Addictions can be very powerful drivers of behaviour. For the most part, they were pointed towards exercise, but when they weren’t, they were pointed towards food.
I had lived under the assumption that calories in vs calories out brings about equilibrium – I had no idea of the functional aspect of foods. I have always lived ‘healthily’ in terms of exercise, and naturally would burn off the calories that I consumed. What I didn’t account for though, was what impact those foods were having on my body, regardless of calories.
There’s no doubt about it, I was a sugar junkie. I also ate a lot of fast food because I found it gratifying as it played into the hands of a subtle but sabotaging food addiction.
Ironically, whilst studying Exercise and Sports Science at the University of Exeter, I was living an unhealthy life – binge drinking, smoking and poor nutrition – all whilst keeping those calories off, of course.
I continued to live in a similar way after Uni. I deeply wanted to live healthily, but began to realise that something was driving me to undermine how I truly wanted to live – my background noise.
Negative thinking and the sabotaging choices that come with it began to manifest in my body. My digestive system was a wreck – I had IBS, my memory was terrible, my mood was unstable and I dragged my body around as if it were a corpse.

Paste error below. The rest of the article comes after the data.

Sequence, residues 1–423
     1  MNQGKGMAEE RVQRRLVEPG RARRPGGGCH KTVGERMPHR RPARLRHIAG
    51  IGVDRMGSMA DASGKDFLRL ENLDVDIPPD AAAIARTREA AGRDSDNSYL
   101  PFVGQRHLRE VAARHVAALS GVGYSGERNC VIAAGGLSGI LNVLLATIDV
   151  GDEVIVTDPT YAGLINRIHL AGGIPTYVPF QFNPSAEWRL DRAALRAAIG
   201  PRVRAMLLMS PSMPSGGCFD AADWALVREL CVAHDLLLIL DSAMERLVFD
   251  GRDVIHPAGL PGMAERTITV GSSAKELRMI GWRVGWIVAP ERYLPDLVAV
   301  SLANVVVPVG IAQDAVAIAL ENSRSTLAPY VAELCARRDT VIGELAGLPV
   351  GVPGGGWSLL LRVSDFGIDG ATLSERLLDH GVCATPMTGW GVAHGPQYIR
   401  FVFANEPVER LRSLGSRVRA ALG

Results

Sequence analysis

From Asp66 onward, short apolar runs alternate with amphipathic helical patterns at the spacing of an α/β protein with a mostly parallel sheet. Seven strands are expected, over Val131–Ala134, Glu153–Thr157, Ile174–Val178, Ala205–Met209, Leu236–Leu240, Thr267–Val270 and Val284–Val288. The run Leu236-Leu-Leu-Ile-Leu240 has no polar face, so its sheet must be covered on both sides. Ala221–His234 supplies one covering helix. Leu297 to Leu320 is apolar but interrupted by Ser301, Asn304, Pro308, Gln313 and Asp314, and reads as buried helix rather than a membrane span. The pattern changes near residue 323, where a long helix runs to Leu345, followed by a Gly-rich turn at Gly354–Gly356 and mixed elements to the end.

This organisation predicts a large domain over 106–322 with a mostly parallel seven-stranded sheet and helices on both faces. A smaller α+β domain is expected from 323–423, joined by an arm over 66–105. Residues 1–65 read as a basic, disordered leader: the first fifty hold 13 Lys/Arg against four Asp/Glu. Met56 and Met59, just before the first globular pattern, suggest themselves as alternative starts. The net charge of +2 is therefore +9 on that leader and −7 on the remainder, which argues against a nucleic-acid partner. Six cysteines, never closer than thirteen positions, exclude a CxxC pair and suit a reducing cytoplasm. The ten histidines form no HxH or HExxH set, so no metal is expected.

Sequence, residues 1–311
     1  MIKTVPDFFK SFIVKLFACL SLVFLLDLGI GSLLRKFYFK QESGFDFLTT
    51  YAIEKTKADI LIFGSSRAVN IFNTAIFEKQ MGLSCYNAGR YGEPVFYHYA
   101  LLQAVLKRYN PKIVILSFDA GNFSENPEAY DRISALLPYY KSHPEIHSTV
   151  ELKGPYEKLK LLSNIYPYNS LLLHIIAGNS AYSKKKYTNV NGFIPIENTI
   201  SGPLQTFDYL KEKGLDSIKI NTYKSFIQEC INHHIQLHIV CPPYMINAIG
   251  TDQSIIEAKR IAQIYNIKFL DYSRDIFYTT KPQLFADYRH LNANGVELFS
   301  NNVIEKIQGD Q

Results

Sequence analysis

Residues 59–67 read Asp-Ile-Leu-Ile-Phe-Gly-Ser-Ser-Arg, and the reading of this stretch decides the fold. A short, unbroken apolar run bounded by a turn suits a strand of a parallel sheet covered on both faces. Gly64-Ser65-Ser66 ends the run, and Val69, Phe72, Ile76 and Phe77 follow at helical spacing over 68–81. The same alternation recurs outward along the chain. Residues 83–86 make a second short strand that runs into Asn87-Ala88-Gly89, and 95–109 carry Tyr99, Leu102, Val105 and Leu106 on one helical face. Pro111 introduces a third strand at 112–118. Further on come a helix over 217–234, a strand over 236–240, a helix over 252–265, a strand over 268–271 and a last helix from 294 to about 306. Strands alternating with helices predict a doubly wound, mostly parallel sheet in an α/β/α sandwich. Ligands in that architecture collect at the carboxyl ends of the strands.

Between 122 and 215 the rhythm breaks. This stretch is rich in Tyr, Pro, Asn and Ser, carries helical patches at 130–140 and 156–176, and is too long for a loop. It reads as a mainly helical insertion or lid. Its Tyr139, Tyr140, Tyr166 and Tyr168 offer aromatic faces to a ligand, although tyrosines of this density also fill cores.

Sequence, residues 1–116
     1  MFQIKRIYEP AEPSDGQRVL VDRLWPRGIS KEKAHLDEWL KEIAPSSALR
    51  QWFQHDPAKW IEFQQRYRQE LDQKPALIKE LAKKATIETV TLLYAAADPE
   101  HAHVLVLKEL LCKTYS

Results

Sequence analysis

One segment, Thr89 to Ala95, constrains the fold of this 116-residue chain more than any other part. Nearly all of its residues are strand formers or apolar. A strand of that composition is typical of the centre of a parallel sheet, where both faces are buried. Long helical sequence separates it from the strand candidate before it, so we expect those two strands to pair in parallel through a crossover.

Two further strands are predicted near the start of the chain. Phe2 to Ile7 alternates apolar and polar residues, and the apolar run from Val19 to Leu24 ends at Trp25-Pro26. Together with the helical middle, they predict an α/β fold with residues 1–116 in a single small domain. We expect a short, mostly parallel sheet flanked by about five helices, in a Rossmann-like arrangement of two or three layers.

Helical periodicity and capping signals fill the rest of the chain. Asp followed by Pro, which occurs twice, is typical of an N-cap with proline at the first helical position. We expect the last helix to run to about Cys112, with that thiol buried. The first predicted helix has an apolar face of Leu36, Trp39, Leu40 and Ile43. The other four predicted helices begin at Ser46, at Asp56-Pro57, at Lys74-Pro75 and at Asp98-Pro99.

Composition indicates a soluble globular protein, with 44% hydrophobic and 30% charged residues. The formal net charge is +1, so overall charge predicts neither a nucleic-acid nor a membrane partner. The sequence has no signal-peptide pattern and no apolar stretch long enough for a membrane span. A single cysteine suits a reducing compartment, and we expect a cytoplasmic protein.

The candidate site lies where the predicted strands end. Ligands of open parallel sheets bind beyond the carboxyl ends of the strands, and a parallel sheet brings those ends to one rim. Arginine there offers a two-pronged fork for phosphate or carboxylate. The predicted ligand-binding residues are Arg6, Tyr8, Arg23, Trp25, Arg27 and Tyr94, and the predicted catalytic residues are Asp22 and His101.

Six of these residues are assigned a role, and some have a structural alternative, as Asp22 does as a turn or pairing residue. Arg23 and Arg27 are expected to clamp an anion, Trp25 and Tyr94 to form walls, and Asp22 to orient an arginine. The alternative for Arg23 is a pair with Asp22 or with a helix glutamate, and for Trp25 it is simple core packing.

This was a serious wake up call. I had some things to address in my life.
I started to step out of my comfort zone, to perform introspective work, to make the choices I knew I should be.
Great nutrition became my bedrock, it gave me the strength to challenge myself, to push outside of what was comfortable, to support healthy habits in outward directions. This is how Chewsomegood was born.
Through changing the most fundamental of habits – my diet, I gained discipline to carry forwards. Some call diet and exercise keystone habits because of their powerful influence on other areas of your life – they aren’t wrong!
Then things began to make sense.
My attitudes, beliefs and perceptions about the world and myself were ones that created anxiety, depression and fatigue. They were the force that was driving my sabotaging behaviour, causing me to get in my own way.
I had been trying to cover up a sense of depression and social anxiety with alcohol, and food. Instead of feeling these emotions and listening to them for guidance on how to change, I was blocking them. My resistance was manifesting in my body – my gut knew what was up. It was a message.